- I need to be able to control my image and images, and when crossing the intended boundaries, they irrecoverably self-destruct.
After understanding the needs, we went into brainstorm mode to figure out what Kodak could do. We spent time talking with their team to understand their mission, their technologies, and their business. Over the next few months we came up with ideas, got feedback from peers, and refined them. Finally, we finished a presentation for Kodak in which we suggested many ideas, including the following:
- Build advanced camera technologies into a phone that can produce high quality photos.
- Build software into that phone that would allow you to do basic editing of photos to make them look better.
- Tag the photos with GPS location so they can be uploaded to albums easily and shared with friends or individuals.
- Tie photo albums to events in your calendars.
There were other aspects we included about mood boosting and event hosting (which you'll find in our write up called Market Driven Innovation) but these were the core elements I remember very vividly.
We were pretty excited about what we came up with. We could see the value for both Kodak and ourselves. I left that last day energized and waiting for a new product to come out. Then months passed. We heard nothing. Years passed. Again, nothing. I checked in at one point and heard they were evaluating it and waiting for a team to work on it. Years later I heard from former employees that point and shoot camera technology has been more appealing at that time to the management than phones.
Five years after we started in January 2012, Kodak went bankrupt. Four months later, Instagram was acquired by Facebook for $1 Billion. In 2013, Kodak emerged from bankruptcy. Two years later, and seven years after our suggestions, Kodak launched a phone. You probably haven't heard about it.
There's a few things I've learned from working with Kodak that make more sense to me now after working with many companies trying to innovate:
Having an innovation team doesn't make you innovative.
When you treat innovation like a standalone part of the business, you lose your competitive edge. You're not able to act on the ideas you come up with. Waiting for buy in, resources, and budget will push faster moving competitors ahead of you. Innovation has to be woven into all your product development teams. It should be something they think about on a daily basis, and are ready to start acting on immediately. Execution is 9/10th of the battle.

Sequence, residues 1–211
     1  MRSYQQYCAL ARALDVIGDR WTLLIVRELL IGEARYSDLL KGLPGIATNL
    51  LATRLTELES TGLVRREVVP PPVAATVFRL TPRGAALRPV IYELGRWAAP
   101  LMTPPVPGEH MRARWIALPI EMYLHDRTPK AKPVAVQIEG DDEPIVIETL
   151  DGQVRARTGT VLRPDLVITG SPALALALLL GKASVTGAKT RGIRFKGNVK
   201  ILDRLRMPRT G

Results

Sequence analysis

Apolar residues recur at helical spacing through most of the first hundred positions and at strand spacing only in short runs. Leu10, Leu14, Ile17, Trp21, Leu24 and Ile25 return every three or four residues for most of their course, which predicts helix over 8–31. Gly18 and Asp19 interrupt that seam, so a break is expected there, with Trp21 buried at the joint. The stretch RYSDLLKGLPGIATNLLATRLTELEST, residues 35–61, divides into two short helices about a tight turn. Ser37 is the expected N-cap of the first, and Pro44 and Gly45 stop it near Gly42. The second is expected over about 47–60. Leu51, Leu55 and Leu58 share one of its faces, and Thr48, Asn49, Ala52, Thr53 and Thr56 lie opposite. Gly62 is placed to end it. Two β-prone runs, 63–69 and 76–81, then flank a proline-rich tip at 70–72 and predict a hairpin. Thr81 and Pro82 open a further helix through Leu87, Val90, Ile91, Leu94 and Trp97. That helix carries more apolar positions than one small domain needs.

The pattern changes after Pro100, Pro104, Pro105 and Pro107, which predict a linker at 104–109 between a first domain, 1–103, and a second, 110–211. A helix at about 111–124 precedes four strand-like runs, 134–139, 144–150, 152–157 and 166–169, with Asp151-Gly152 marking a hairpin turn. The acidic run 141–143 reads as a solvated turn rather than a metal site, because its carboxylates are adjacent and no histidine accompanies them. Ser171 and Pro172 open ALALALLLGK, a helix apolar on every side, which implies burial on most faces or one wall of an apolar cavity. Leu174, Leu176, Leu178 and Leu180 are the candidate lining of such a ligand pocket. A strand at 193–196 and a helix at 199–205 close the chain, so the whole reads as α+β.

Don't get distracted by what you've always done.
Kodak fell into the common trap of doing things the same way they have always done. While they were enhancing their point and shoot cameras and film, the market was going full steam towards phones. There were definitely people at Kodak who recognized this (and spun up programs like BSTI), but corporate structure prevented those on the ground floor from getting good ideas to market.
Failing to recognize market signals is a great way to kill a company.
Your customers can provide an eye opening way perspective. You just have to listen to them. The research we did showed pretty vividly where the market was going. Many companies don't even incorporate these learnings into their product development timelines, instead falling into an endless loop of building things no one wants. Getting outside the building can change your perspective. But, make sure you are the ones going outside. It's more powerful for the people building the product and making the decisions to hear it themselves.
In reflection, I learned a lot through this project. It just took me a while to realize it. It ties into the premises that I teach today about talking to your customers and building products that solve problems. If you'd like to read more about the entire project, we wrote an article called Market Driven Innovation.